Bobcat Fire (9/26/20) Evening Update; Pinon Hills Evacuation Warning Lifted & Critical Fire Weather Expected

PHOTO: Michelle Hannon - NewsPlus

Critical Fire Weather is expected this coming week. Crews are working hard to contain the fire before this happens.

NOTE: NewsPlus will only be posting an Evening Update from this point forward. We will continue to update our Facebook page through the day as necessary.

SEPTEMBER 26, 2020 – BOBCAT FIRE EVENING UPDATE 8:30 PM: The Bobcat fire has now burned 114,082 acres, burning almost 100 acres since last night and is now at 63% containment. There was 1,427 personnel on the fire, 129 engines, 24 hand crews, 15 helicopters, 15 dozers, and 14 water tenders working on the fire today.

Hand crews working on a direct fire line on the Bobcat Fire. Photo Credit: Angeles Nation Forest

With expected critical weather conditions to occur early in the week, today, fire crews worked on building and fortifying containment lines, mopping-up, and they continued to monitor the perimeter of the fire. The fire was active around Mt. Lewis which backed its way down, at a slow rate of spread, to the Manzanita Trail in Big Rock Creek. Crews prepped the trail and they have a hose lay on the trail. They will continue to monitor the fire and mop-up as the fire backs down towards the trail. The fire is also backing down into Dorr Canyon, which is a wet drainage and they are expecting limited fire behavior and no additional growth. Helicopters were working the area off and on all day. One of the Helicopters on the fire experienced mechanical issues forcing the pilots to make an emergency landing near Highway 2. The pilots were able to land safely and there were no injuries. Because of the higher temperatures and lower relative humidity more pockets of heat and smoke have been observed in the north desert valley floor areas of the fire’s perimeter.

San Bernardino County Sheriff’s has lifted the evacuation warning for Pinon Hills. However, Wrightwood is still under an Evacuation Warning. Additional evacuations warnings were lifted in the Antelope Valley as well. See the list of evacuation orders and warnings below. SCE has begun replacing power poles and downed power lines and restoring power to Antelope Valley communities.

Tonight crews will continue to patrol and monitor containment lines. In the Mt. Lewis area and around the southeastern fire’s perimeter, night resources will be in place to monitor and hold existing lines. Additional resources will be available to help mop-up and conduct cold trailing along the north end of the fire.

The Bobcat fire is now mainly burning in the northeast and heading to the northeast. Fire officials are expecting there will be minimal growth between 500 to 1000 acres.

Incident Command predicts that beginning tomorrow, “high pressure will bring warmer and drier conditions than today and winds will shift northeast on ridgetops. Santa Ana conditions will bring stronger east to northeast winds beginning Monday morning and lasting through the afternoon. These gusty winds will combine with very low humidity to produce a period of critical fire weather conditions. As a result, a fire weather watch is in effect for Monday for gusty Santa Ana winds and low relative humidity.”

In last night’s update, we learned about the terms mop-up, spot fire, and Slop over. One of the terms used in this evening’s update is “cold trailing.” A crew that is cold trailing is controlling a partly dead fire perimeter by inspecting and feeling with the hand for heat to detect any fire, digging out every live spot, and trenching any live edge of the fire. [from NPS/USFS fire terminology list] A “moderated” fire is a fire that has become less extreme or intense. A “direct fire line” is a fire line constructed directly next to the edge of the fire. An “indirect fire line” is a fire line built a distance away from the fire’s edge. And finally, a “contingency fire line” is an additional defensive fire line constructed as a backup some distance beyond the containment fire line.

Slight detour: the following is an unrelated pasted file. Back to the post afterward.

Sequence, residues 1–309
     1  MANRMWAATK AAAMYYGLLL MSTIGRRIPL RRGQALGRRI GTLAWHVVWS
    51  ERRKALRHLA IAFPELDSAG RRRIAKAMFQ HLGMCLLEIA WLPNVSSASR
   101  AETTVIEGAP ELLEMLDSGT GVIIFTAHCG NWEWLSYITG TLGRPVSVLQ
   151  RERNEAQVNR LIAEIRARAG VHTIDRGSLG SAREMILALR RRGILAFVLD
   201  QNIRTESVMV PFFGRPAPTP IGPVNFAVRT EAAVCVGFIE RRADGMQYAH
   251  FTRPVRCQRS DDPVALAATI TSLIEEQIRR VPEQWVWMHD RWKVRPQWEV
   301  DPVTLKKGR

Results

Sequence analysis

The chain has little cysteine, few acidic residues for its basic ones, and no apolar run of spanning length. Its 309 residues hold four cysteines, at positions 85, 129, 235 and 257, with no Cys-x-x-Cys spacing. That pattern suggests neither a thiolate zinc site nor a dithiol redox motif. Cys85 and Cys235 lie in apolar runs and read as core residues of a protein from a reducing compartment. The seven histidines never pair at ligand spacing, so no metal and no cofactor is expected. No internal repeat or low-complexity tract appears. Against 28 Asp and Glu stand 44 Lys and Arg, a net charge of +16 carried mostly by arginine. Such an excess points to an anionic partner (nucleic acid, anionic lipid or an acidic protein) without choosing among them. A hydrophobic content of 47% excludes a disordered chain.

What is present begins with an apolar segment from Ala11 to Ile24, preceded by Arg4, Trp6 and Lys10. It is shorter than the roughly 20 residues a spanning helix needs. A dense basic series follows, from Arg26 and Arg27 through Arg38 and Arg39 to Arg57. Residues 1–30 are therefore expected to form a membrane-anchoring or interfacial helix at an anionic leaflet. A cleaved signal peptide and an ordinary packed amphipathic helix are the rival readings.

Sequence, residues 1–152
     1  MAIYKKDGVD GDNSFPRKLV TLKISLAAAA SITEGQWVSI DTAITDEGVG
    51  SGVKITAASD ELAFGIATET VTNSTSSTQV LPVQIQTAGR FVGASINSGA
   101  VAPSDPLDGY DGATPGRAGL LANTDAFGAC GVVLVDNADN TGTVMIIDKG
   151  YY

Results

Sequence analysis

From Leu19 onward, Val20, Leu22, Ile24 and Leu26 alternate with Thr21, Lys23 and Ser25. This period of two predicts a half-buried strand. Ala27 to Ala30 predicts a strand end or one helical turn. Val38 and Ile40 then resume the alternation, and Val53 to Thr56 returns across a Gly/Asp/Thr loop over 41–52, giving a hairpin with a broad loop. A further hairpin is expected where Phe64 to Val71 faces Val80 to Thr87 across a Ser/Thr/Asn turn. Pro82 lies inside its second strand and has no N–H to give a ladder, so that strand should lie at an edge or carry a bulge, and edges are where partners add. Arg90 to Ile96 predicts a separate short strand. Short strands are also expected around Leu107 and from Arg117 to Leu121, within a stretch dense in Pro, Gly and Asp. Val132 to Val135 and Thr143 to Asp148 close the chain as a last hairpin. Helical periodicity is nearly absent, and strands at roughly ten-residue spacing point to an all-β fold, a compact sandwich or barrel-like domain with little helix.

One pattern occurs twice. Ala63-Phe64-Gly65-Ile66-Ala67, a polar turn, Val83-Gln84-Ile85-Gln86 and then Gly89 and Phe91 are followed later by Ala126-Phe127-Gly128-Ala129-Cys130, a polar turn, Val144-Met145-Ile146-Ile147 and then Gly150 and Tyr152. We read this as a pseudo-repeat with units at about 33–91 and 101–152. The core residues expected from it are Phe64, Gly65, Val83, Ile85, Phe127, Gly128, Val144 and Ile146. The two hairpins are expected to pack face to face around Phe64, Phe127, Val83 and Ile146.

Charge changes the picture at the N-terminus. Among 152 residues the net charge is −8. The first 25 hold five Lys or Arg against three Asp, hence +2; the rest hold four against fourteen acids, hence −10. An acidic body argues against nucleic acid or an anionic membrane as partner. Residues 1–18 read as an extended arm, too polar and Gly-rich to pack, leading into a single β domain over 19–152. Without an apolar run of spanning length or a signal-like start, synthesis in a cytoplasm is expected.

See More Images Of The Bobcat Fire In The NewsPlus Bobcat Fire Image Gallery

The fire season has only just begun, the Santa Ana’s haven’t officially started yet. A wildfire could erupt at any moment, so please, as they say, “keep an eye out” and know what to do if it happens near you. Successfully preparing for a wildfire requires you to take personal responsibility for protecting yourself, your family, and your property. Visit the SBC Fire website for more information about how you can be prepared. All San Bernardino County residents are encouraged to sign up for the TENS alert system to get notifications via phone/text or to download the Ready SB App.


• Paradise Springs – South of Big Pines Highway, east of Devil’s Punchbowl, west of Largo Vista Road, and north of the forest.
• South and west of Upper Big Tujunga Canyon, east of Angeles Forest Highway, and north of Angeles Crest Highway.
• Residences along Angeles Crest Highway, between Angeles Forest Highway and Highway 39.


• South of Big Pines Highway, east of Largo Vista Road, west of 263rd Street E (County line), and north of the forest.
• South of Mount Emma Road, north of Upper Big Tujunga Canyon, east of Angeles Forest Highway, and west of Pacifico Mountain.
• East Fork Areas: Julius Klein Conservation Camp 19, Camp Williams, and the River Community.
• Unincorporated community of Wrightwood.

Evacuation Warnings were lifted for the Littlerock area of the Antelope Valley as follows:
• South of Highway 138, north of Weber Ranch Road, east of Cheseboro Road, and west of 87th Street E.
• South of Highway 138, south and east of Highway 122 (Sierra Hwy/Pearblossom), north and west of Mount Emma Road, west of Cheseboro Road, north and east of Angeles Forest Highway.

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